Getting back to the difference in roles, being an Executive Mayor, Lutfur Rahman’s decision was as a local actor, to decide on how money should be spend on housing improvements, new buildings and what the ‘deals’ should be with greedy housing developers and also what policies he should adopt to address the overcrowding and homelessness issues. I haven’t come across any specifics in any literature printed from Tower Hamlets First to this regard.
On the other hand Rushanara Ali’s role, as a Member of Parliament is to lobby the central government and ensure they provide funding and support for the local council to address housing issues.
One of the first actions RA took was to ask the Prime Minister to commit to funding the Decent Homes programme and to lobby the Chancellor and Secretary of State for Communities and Local Government to ensure that this money would be delivered for residents in the borough.
This campaigning resulted in successfully securing £165 million to help get homes up to a decent standard in Tower Hamlets. This meant that 8,000 homes would benefit from improvements to help living standards rise across the borough by this year (2015).
Rushanara Ali’s Priorities
So as MP it is evident that RA lived up to her promise and was sincere in her commitment. For an exhaustive list of activities and her achievements please look at her website. It has claims backed up with data and thorough evidence on what she has been doing. It details 10 key campaigns she had focused on including:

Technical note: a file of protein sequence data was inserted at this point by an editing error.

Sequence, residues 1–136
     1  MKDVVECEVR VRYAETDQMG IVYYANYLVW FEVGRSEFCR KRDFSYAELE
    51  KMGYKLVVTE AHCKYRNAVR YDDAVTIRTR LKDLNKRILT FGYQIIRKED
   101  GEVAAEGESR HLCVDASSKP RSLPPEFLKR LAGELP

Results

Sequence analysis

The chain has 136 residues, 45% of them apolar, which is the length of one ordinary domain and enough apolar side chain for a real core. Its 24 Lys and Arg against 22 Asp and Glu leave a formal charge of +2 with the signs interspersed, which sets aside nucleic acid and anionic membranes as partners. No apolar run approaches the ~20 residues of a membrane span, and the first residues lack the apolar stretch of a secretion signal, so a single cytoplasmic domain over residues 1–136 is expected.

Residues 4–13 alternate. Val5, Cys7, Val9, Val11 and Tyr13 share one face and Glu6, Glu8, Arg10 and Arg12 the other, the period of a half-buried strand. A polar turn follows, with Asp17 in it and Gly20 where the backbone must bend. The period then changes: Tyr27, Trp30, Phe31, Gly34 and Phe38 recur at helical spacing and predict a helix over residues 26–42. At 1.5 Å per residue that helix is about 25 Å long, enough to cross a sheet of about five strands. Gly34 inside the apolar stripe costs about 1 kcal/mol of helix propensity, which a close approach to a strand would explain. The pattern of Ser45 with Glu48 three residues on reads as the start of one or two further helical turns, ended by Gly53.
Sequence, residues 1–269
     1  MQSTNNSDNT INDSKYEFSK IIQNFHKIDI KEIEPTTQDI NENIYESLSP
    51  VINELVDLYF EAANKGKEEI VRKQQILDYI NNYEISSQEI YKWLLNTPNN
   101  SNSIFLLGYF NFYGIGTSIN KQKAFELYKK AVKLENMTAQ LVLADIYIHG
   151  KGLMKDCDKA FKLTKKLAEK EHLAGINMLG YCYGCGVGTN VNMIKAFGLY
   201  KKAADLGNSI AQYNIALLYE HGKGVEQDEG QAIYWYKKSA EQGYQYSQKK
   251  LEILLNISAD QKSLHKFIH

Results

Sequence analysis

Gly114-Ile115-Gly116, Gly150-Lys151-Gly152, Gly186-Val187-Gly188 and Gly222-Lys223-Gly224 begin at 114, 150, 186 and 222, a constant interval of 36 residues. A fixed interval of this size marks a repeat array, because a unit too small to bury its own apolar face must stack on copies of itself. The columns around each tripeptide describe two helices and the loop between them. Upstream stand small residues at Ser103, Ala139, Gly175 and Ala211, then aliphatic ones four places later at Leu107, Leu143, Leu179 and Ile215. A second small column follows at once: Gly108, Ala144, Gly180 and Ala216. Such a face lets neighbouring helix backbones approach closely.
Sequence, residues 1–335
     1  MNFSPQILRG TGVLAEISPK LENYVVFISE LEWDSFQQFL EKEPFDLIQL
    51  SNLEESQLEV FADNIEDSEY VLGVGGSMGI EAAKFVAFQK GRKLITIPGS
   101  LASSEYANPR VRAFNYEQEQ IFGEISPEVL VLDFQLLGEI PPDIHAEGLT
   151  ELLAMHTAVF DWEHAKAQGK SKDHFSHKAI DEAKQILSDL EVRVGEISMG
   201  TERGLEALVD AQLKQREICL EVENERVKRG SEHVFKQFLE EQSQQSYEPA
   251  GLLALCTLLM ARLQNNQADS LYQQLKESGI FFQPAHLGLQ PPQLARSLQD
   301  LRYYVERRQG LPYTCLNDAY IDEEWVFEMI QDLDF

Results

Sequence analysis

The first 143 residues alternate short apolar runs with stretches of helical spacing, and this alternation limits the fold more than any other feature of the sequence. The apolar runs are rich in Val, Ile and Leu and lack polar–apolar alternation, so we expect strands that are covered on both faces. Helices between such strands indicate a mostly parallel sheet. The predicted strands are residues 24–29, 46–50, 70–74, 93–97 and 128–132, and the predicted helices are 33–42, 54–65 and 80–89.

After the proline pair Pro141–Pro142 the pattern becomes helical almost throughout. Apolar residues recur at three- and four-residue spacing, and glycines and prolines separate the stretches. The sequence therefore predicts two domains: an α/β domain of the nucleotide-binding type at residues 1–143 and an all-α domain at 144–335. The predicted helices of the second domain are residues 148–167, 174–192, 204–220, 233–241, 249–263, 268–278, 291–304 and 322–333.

- Tackling Unemployment
- Education and Training for Our Young People
- Better and More Affordable Housing
- Crime and Policing
- Tackling Health Inequalities
- Ensuring a Good Living Standard for Older People
- Youth Engagement
- The Environment and Climate Change
- Save Remittance Giving Campaign
- New Deal for Leaseholders Campaign
Rushanara Ali on Bangladesh
I would like to mention a couple of other points I was impressed to see Rushanara Ali courageously tackle in representing her constituents. Firstly, during the debate on Bangladesh on 14th January 2014, following the 5th January’s shambolic election, she was very objective and remained loyal to the people of Bangladesh’s democratic aspirations. This was contrary to people’s common perceptions that she is an Awami League sympathiser. During the debate she stressed the importance of having a caretaker government system in Bangladesh and criticised the dodgy elections.